The unit's commander Ondrej Palenik has been quoted as saying he considered it crucial that the more than one hundred members of the contingent had now returned home having fulfilled their duties.
At present, 82 Czech troops are deployed in a reconstruction team within NATO's ISAF mission and 18 troops operate at Kabul airport as part of ISAF. Next year, up to 90 new Czech soldiers are to leave for Kabul to take charge of the airport's operation for four months.
The leader of the Social Democrats Jiri Paroubek has admitted that early elections in 2007 - originally a requirement pushed by the Civic Democrats - would be "a catastrophe". Mr Paroubek made the statement for the Czech daily Pravo and the CTK news agency on Monday after talks between the two parties. Later, Mr Paroubek backtracked from his original statement somewhat, saying that if elections were held next year his party would not achieve an "optimal result". A public opinion survey released last week has suggested if a national election were held at this time the Social Democrats would clinch just 60 seats in the lower house compared to the Civic Democrats' 96.
Indonesian rescue workers are looking for a 26 year-old Czech male missing in the waters near Bali since last Wednesday. Strong tides separated two men from their diving companions, and rescue workers found one 36 year-old Czech diver on Sunday, several tens of kilometers away from the spot where the men went missing. The Czech Ambassador in Indonesia has confirmed that the rescued man is recovering in hospital without serious injuries, and an intense search continues for the second Czech tourist.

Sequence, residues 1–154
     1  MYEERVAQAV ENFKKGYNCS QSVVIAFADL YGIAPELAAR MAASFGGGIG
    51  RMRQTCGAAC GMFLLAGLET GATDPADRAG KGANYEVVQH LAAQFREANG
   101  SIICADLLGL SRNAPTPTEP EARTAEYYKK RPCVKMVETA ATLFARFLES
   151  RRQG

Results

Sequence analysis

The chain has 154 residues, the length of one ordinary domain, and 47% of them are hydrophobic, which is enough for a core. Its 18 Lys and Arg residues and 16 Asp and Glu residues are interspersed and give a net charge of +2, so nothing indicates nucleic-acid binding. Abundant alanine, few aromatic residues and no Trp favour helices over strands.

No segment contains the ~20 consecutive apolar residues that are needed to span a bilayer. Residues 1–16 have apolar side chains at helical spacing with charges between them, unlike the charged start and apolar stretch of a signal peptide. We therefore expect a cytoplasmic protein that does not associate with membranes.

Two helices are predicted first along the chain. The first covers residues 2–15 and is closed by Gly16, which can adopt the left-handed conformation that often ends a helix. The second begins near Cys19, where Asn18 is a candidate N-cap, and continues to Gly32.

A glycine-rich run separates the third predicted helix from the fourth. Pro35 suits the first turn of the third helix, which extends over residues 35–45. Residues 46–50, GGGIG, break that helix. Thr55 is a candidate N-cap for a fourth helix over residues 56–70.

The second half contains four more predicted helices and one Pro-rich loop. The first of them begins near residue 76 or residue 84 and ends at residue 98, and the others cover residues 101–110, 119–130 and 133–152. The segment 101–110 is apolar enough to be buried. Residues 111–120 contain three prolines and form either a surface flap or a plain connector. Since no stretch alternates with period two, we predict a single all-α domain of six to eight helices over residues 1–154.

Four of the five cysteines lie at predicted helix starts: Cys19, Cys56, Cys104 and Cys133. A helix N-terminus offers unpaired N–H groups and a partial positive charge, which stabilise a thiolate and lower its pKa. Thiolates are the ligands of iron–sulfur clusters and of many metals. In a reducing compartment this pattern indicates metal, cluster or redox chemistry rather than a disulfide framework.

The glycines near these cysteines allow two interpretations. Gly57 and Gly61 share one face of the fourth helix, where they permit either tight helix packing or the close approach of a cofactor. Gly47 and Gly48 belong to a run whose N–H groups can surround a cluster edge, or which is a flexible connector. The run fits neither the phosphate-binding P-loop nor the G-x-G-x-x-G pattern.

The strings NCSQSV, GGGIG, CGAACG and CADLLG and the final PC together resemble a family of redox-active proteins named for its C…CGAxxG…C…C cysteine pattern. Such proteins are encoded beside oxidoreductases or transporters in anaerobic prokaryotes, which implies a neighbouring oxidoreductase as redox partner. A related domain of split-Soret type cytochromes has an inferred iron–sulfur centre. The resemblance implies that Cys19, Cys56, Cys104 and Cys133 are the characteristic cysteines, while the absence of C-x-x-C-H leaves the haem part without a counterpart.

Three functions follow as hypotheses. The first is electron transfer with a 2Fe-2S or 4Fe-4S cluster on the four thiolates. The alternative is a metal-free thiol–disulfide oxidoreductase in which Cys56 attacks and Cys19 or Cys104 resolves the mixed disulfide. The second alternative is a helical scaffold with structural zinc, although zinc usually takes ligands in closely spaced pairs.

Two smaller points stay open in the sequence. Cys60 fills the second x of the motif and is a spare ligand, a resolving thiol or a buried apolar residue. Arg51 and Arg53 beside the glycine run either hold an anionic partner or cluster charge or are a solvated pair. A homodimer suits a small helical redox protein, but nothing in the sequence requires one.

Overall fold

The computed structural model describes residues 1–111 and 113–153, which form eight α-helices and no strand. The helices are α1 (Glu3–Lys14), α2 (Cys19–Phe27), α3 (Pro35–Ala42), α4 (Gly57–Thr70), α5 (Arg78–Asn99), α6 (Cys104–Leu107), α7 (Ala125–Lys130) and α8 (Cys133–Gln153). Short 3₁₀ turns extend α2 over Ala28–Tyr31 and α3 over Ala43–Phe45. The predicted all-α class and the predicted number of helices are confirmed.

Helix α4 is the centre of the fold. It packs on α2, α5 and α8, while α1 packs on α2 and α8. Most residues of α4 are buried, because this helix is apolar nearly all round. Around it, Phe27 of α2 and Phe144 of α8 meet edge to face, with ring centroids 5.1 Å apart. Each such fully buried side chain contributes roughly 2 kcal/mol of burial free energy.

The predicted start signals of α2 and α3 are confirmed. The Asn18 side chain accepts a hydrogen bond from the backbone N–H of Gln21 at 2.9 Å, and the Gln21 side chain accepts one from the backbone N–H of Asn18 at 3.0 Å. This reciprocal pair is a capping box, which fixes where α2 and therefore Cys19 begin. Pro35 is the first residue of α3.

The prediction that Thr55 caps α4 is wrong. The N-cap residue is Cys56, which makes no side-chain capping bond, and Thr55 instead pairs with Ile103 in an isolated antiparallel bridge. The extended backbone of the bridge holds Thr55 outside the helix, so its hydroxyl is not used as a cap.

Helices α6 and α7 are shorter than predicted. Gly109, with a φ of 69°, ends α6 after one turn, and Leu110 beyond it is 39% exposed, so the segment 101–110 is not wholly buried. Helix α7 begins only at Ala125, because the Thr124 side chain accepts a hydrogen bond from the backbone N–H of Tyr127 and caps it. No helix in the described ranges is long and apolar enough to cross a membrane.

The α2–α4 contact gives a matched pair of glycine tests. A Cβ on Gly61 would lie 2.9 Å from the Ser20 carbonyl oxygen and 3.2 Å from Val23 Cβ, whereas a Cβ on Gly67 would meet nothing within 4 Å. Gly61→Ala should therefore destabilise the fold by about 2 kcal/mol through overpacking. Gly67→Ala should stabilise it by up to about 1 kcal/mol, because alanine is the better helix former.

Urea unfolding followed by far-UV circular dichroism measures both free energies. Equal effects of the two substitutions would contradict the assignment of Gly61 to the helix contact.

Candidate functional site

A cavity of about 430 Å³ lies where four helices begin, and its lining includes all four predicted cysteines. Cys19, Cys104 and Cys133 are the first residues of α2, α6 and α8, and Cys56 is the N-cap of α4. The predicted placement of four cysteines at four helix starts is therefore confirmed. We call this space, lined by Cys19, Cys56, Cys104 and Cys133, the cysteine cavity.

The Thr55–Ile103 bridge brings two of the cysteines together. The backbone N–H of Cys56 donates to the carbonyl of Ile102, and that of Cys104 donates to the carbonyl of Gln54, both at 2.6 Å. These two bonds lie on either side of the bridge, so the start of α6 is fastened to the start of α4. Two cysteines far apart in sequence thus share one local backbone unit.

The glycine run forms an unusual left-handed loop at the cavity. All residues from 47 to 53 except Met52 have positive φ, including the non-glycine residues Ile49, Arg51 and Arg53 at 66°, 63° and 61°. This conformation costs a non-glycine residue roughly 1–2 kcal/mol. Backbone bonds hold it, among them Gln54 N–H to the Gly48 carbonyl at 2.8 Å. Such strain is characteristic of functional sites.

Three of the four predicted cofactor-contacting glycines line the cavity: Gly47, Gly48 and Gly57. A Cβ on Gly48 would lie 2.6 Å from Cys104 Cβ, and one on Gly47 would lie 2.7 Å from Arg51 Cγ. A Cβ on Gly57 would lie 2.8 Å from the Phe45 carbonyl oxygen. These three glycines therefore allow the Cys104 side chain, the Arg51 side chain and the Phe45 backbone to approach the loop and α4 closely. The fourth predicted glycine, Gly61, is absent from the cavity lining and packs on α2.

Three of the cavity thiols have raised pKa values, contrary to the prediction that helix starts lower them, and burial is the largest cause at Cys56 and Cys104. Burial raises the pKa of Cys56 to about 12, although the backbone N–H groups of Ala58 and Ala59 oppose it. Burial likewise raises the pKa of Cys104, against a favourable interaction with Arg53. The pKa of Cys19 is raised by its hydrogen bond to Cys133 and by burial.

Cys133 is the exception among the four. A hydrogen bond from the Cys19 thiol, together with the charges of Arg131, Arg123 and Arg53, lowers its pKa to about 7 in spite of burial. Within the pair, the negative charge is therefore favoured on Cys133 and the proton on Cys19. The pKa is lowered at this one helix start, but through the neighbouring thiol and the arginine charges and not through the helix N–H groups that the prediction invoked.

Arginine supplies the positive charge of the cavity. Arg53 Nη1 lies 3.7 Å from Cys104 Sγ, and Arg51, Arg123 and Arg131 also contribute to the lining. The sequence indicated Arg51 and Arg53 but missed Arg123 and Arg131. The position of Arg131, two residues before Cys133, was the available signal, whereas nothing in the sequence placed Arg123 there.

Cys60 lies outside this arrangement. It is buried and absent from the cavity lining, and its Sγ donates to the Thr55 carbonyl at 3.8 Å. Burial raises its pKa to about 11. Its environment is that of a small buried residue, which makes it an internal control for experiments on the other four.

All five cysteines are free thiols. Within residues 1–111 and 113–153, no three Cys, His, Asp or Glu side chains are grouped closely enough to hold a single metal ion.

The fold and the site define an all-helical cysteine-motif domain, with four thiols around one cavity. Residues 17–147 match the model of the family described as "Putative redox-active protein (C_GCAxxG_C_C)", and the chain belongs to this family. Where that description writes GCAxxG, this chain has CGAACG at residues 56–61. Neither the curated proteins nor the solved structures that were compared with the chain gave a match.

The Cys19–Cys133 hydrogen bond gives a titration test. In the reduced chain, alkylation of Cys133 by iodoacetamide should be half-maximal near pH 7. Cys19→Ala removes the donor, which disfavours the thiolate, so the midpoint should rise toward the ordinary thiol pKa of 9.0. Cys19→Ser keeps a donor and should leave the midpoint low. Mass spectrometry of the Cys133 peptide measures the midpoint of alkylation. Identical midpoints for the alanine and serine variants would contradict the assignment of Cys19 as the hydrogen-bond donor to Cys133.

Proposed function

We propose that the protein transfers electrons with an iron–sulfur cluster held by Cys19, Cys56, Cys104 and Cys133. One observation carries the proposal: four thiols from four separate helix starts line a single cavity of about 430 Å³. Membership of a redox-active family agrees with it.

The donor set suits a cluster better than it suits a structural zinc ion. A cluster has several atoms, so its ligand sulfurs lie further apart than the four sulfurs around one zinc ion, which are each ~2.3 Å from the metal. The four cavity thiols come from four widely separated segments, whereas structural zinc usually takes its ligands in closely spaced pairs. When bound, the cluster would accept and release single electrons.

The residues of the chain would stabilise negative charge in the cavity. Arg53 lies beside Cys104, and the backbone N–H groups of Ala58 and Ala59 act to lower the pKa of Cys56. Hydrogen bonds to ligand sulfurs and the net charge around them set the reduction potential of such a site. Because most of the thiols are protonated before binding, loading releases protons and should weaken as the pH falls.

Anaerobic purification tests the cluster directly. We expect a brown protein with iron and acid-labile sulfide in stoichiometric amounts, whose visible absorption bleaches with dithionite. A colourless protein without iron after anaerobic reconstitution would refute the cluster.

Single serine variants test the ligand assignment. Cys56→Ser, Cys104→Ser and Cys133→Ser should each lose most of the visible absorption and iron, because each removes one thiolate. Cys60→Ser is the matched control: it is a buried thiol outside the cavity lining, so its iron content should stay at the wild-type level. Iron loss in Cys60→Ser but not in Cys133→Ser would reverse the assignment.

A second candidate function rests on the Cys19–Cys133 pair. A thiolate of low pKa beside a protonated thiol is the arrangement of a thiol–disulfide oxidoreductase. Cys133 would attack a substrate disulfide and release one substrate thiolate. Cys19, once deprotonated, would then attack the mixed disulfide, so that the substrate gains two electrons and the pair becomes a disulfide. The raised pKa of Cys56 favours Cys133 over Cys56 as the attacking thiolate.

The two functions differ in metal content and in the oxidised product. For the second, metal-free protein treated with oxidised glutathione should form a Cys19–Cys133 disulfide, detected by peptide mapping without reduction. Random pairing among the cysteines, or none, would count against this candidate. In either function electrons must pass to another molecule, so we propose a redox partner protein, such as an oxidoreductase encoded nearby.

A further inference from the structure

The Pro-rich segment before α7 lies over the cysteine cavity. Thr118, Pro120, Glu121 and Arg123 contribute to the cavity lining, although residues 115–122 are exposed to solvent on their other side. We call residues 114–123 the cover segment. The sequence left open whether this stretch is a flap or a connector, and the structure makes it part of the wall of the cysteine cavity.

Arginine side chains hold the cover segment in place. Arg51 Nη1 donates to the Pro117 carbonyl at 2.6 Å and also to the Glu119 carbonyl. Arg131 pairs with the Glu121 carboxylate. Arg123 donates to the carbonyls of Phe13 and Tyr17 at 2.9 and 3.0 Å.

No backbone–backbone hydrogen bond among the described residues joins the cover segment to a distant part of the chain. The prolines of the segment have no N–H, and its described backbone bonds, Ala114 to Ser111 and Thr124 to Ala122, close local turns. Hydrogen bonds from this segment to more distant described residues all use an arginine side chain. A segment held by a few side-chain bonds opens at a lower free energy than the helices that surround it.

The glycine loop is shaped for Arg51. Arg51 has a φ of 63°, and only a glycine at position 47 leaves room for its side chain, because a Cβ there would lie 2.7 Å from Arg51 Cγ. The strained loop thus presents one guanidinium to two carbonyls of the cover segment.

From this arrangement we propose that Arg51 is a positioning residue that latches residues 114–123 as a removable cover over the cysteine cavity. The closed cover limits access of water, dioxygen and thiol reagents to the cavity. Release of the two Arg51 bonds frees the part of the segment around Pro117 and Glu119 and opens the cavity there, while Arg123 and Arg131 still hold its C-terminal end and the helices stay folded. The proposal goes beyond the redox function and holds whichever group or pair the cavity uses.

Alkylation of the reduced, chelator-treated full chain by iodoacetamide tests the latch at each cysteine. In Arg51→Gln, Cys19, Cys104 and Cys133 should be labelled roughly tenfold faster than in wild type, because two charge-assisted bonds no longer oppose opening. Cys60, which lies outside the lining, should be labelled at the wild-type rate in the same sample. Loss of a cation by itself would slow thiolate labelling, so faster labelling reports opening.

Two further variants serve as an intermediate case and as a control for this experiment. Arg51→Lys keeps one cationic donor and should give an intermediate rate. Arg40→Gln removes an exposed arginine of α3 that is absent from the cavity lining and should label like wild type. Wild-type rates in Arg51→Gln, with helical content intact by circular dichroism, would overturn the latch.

Outgoing Health Minister Tomas Julinek has warned that hospital debts
and debts of other medical facilities could grow in 2007 as a result of
the new labour code, set to come into effect in January. According to
the minister, the new code will entail spending not considered in the
Health Ministry's budget, a difference of 2 billion crowns. Previously,
the outgoing Civic Democrat recommended postponing the validity of the
new labour code, sparking protest from trade unions expected to hold a
rally in support of the legislation later this month.
On Monday, outgoing Minister for Labour and Social Affairs Minister Petr Necas the code was likely to come into effect on January 1st; given the balance of mandates in the lower house it is unlikely that the Civic Democrats will be able to postpone its coming into effect.
Prime Minister Mirek Topolanek - the leader of the right-of-centre Civic
Democrats - has announced that his party is no longer favouring early
elections as a way out of the continuing political stalemate that followed
inconclusive elections in June. Mr Topolanek made the announcement at a
joint press conference with the Social Democrats' Jiri Paroubek on Monday.
The Civic Democrats leaders' decision is a marked change in course: until
now Mr Topolanek has pushed strongly for early elections in 2007 as the
only viable way out of the deadlock. In his statement on Monday Mr
Topolanek said he would be seeking a stable solution, a government that
could rule until after the Czech Republic holds the rotating EU presidency
As for the make-up of the new government, Mr Topolanek has proposed a rainbow coalition excluding only the communists.